Marshall Motor Group chief executive Daksh Gupta has insisted that the AM100 PLC will not be “splashing the cash like Manchester City” after record H1 financial results left it with a strong balance sheet.
Despite repaying £4m in Government COVID-19 support and handing staff a one-off ‘loyalty bonus’ and backdated pay review, Marshall’s balance sheet strengthened in the period to June 30, with net assets of £239.3m (June 30, 2020: £190.5m) underpinned by freehold/long leasehold property of £139.6m.
The group has made two acquisitions so far in 2021, but Gupta said that Marshall’s strong financial position would not spark a spending spree.
“Over the past 14 years we have done nothing stupid and we will continue to be very selective about what we buy,” he said.
And Red Devils fan, Gupta quipped: “We’re definitely not in a Manchester City position, and nor would we want to be. We’re like Manchester United, making targeted acquisitions that will add value.”
Gupta once again paid tribute to the Marshall workforce that had driven the business’s success, with the help of market tailwinds, to outperform the market in H1.
New vehicle volumes were up 46.1% to 15,566 as used volumes rose by 51.7% to 28,094 as gross profit per unit rose 2.5ppts to 8.6%.
And as revenues rose 49% year-on-year to £1.33 billion for the period alongside an underlying pre-tax profits rose 426.6% to £38.4m from a restated loss of £11.4m a year ago, he added: “If you look at our previous record profit before tax it was £16.3m. These are dream numbers.
“Obviously as a group we’ve ridden the sector tailwinds. We’ve done well in a period where used car prices were appreciating, which is an unprecedented set of circumstances.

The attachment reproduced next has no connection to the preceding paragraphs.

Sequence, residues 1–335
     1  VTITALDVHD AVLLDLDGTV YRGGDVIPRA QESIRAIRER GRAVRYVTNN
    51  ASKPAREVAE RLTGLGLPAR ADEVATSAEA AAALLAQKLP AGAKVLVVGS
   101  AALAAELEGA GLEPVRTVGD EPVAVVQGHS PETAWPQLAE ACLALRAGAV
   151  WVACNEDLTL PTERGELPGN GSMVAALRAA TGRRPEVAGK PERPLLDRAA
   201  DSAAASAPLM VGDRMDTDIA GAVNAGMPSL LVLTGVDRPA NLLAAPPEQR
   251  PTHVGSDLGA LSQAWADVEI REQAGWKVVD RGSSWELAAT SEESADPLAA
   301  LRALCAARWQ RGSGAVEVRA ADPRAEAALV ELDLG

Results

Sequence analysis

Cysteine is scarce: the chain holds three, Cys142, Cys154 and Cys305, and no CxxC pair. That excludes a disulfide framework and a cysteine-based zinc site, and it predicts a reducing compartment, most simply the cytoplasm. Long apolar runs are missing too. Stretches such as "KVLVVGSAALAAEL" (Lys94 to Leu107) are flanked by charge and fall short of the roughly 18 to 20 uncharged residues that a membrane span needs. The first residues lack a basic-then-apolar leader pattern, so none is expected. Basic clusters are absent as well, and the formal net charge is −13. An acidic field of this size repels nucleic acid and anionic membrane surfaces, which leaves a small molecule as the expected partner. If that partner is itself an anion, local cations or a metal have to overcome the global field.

“But we want to continue to look after our people as we have done in the COVID crisis and delivering strong results like this makes it easier to go to the board and suggest initiatives like a seven-figure bonus package for our workforce.”
Gupta said that he has paid more attention to car manufacturer’s half-year trading results than ever before in a bid to find clues to when each OEM expects the impact of global semiconductor shortages to ease.
A resurgence in supplies is likely to soften demand and values in the used car sector.
He said: “It’s been very hard to get a handle on things. Different manufacturers have different views and, of course, different suppliers themselves.
“Some have said there’s a possibility that it could go on until 2024.”
Right now, Marshall finds itself in a strong position, though.
Share prices in the business rose to 253p this morning, up 194.2% on the 86p low seen in April 2020.
As the group resumed its payment of dividends to shareholders, market anaylsts at Zeus Capital said: “We re-iterate our view that MMH has a creditable and reliable platform, which we consider will emerge as a sector winner. A 2021 P/E of 5.9x and a yield of 5.4% looks at odds with the progress delivered to date.”